Therefore, the Mahomedan community would not be allowed to bring to Natal a Moulvi nor the Hindu community a Shastri, no matter how learned each may be in his own department, because, forsooth, he does not know English. An Indian merchant who has been domiciled in Natal may come back to the Colony, but he dare not bring any new servants with him. The inability to import new Indian servants and assistants is a very grave inconvenience to the Indian community. Even if the Immigration Act is to remain on the statute-book of Natal forever and Mr. Chamberlain refuses to disallow it, the clause with regard to the European languages needs to be modified so as to admit all those who can read and write their own language and are otherwise eligible as immigrants under the Act. We are sure that this is the least that might be granted to us. And we would beseech you to exert your influence in bringing about that change, if nothing else. Mr. Chamberlain’s address portends, perhaps, that he would not disallow the other anti-Asiatic Acts also, to which the petition herein mentioned refers. If that be so, it is practically a notice to the free Indians in Natal to quit the Colony, for that will be the effect of the Dealers’ Licenses Act, if it is enforced rigorously as it is likely to be now that the Colonists know that they would get almost anything from Mr. Chamberlain for the asking of it-only if what is required to be done is done by indirect, and, shall we say, unfair methods. It breaks our hearts to think that Her Majesty’s Principal Secretary of State for the Colonies should approve of any unfair method, but that is the unanimous opinion of the Europeans and the Indians. Even the Europeans who are the bitterest opponents of the free immigration of Indians, though they do not mind it, think and admit, that the above methods of restricting free Indian immigration are unfair. We are powerless. We leave the case in your hands. Our only hope lies in your again bestirring yourself with redoubled vigour in our favour. And we feel sure that you would do it, for our cause is absolutely just. 7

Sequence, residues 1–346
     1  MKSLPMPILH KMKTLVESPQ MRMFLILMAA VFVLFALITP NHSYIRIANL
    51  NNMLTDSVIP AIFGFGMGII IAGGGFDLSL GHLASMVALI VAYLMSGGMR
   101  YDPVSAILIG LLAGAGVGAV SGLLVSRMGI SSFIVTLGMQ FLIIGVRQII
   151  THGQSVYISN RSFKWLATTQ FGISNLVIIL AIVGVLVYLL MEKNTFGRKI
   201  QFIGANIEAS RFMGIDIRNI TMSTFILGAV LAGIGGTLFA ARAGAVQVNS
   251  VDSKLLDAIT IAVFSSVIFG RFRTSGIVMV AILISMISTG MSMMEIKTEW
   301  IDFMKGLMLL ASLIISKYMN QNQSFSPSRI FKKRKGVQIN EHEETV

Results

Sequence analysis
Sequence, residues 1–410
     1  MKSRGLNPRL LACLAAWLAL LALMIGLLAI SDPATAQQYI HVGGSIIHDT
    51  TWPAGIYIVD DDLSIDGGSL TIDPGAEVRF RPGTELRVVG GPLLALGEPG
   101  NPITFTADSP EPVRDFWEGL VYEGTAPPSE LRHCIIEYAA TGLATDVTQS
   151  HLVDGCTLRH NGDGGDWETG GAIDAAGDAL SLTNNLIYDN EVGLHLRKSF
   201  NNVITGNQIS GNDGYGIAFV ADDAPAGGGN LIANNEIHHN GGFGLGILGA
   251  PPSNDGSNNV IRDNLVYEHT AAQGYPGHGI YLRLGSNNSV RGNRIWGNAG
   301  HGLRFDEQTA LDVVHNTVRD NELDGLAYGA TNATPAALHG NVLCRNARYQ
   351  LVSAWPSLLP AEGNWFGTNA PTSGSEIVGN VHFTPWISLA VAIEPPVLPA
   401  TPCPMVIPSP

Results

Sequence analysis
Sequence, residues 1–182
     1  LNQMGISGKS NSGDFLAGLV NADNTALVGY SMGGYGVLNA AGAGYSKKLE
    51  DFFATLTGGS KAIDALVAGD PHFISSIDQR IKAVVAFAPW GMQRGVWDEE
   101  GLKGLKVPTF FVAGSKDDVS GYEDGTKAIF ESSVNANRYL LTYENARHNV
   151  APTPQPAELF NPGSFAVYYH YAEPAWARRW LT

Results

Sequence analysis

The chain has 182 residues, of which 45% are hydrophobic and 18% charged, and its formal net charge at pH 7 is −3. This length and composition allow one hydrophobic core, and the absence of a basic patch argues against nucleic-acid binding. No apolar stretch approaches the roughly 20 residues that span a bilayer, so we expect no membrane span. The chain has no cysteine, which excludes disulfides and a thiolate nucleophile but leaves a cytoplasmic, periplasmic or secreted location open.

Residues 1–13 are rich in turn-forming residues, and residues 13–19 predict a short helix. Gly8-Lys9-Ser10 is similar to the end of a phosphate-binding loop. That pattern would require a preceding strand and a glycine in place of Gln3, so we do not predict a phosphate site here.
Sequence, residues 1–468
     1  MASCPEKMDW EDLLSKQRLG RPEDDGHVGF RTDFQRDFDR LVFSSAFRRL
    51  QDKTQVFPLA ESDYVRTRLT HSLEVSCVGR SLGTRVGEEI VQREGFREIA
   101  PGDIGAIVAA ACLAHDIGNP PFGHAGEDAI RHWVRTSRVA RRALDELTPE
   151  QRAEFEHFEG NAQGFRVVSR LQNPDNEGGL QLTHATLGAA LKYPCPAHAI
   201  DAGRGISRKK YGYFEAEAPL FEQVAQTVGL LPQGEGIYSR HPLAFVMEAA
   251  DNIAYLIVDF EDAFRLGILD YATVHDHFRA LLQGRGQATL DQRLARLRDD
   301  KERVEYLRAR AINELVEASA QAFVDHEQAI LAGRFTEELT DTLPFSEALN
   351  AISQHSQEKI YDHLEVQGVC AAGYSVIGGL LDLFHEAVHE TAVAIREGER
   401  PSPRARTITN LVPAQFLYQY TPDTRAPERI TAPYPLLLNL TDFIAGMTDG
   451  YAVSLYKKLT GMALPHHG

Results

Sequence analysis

I have the honour to enclose herewith a letter addressed to you by the representatives of the Indian community of Natal with reference to Mr. Chamberlain’s address to the Colonial Premiers. The newspaper cutting enclosed was seen after the letter was in print. It gives great force to the argument contained in the letter. Mr. Chamberlain’s address has naturally created surprise amongst both the communities, European as well as Indian. I venture to trust that your powerful influence will be exerted in order to bring about the changes in the Immigration Act referred to in the letter if nothing more can be done. The kind of Indians referred to in the letter whom the Act at present debars from entering into Natal, while absolutely necessary for the regular conduct of Indian houses already established, cannot in any way interfere with Europeans if they were allowed to enter the Colony. 8

In view of the approaching session of the Congress, it may not be out of place to draw your attention, and through you that of our other leading men, to what we here think may be done by the Congress. I know that we who know the value of your services to your country have to see that we do not unduly encroach upon your attention and thereby probably affect your health; if, therefore, it is not possible for you to give this matter your personal attention, I doubt not that you will be good enough to forward this letter or copies thereof to the proper quarters. The matter treated as affecting the whole of the emigration from India seems to be of the utmost national importance. A draft resolution to be submitted to the Congress is enclosed herewith. A few copies of the notes, specially prepared for the friends in London at the desire of Sir William Wedderburn, are also being sent in a separate packet. They will give an idea of the position as it stands at present, and may be of use to the gentleman who will take charge of the resolution which, of course, may be altered or amended as the subjects committee think fit. The matter derives special importance owing to the sudden and unexpected activity of the Cape Legislature the members of which, while, as you are aware, they are divided into two very evenly balanced parties holding diametrically opposite views, seem to be almost unanimous on the Indian question.